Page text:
For some reason, whenever anyone mentioned the bunker, he's imagined a log cabin, preferrably with a rag rug on the polished hardwood floor and a roaring fire reflecting in a glass-top coffee table, maybe even hot cocoa and a cuckoo clock, though he does know the limits to wishful thinking. It ain't. It's, for all the world, a concrete cave, the entrance of which is a set of crampons in a cold chimney that leans, so you end up more sliding on your back than actually climbing down. And the floor is stained with snow melt. Fry stares at it for a while, hiding his cold cramped hands in the sleeves of the army supply cardigan and wondering why radiation won't enter when the water does.

It's almost five o'clock, and he is hungry. He gets what a fantasy writer would possibly describe as the Lembas of the poor: flat, hard rusks which according to General Simone will last forever. (He suspects that is because not even bacteria regard it as edible.) And canned beans. Now, there is a lot to be said for canned beans, but he doubts he is going to say it. His watch is ticking on, kind of slowly, maybe the cold wet is getting to the screws or whatever inside it. At least he explained to Michelle he won't be in tonight, and she'll understand him... he did phone Michelle, didn't he? Oh no.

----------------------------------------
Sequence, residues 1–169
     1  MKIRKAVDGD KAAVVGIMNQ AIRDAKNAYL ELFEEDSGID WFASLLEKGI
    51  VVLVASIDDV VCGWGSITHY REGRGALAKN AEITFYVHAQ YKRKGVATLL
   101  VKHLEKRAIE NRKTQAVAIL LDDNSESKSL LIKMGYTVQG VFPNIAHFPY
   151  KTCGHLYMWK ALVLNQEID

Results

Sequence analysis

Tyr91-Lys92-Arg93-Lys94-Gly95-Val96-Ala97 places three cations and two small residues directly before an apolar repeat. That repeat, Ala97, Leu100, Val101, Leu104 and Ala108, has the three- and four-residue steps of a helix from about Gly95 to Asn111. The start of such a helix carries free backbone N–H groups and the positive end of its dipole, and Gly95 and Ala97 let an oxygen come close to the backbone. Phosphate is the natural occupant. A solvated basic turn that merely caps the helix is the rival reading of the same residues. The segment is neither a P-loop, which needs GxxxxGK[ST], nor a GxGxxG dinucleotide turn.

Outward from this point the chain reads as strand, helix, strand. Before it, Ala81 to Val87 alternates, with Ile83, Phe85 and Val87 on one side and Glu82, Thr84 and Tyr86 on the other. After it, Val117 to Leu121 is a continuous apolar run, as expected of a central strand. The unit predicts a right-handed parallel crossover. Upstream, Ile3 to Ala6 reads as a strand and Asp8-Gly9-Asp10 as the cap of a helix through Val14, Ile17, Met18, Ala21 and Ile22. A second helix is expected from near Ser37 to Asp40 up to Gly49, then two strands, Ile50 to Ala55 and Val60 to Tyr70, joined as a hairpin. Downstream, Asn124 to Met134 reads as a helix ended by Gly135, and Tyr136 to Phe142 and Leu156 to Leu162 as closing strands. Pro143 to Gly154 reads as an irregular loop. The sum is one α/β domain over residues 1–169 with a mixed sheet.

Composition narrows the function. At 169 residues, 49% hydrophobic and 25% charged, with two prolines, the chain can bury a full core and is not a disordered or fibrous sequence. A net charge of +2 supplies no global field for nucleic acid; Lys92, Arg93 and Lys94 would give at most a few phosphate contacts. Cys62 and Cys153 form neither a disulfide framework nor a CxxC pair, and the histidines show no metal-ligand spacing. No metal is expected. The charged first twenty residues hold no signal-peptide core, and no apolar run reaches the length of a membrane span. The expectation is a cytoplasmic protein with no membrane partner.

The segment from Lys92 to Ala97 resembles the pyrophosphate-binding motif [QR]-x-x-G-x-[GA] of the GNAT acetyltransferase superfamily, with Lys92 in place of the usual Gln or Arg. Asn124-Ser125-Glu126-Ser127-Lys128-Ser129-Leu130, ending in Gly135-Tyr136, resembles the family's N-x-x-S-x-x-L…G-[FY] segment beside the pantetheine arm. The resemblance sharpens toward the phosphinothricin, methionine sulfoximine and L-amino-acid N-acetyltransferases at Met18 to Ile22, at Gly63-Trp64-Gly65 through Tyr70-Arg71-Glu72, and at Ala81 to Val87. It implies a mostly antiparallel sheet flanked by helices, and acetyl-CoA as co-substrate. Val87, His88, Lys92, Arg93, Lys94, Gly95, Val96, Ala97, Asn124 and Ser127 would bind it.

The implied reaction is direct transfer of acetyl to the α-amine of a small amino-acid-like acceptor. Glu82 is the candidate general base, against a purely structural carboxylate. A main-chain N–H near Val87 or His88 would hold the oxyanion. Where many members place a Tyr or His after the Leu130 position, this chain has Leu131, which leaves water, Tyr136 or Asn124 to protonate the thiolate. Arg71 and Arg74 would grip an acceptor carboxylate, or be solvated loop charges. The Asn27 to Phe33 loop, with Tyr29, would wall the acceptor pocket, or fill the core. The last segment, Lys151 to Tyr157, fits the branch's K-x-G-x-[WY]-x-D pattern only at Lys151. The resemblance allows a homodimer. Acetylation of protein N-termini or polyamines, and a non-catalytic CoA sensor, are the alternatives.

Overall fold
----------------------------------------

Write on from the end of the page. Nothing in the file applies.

"Er... Bomber Harris..." he murmurs urgently, pulling at the greatcoat of the first man who comes into view. "Yancy... my brother... told me you had one of them mobile phones you can carry around..."

"You wish, city boy!" the man grumbles. "I sold it to some yuppies for two barrels of catfish... and they think they won the bargain! America will do better without them!"

"But..." Gather hope. Michelle is probably sitting in front of her mirror now, doing... well, the stuff girls do when you're not looking. He lets his mind shy away a bit. Straightening her eyelashes, or whatever. "Surely there must be a... well, shortwave radio or something..."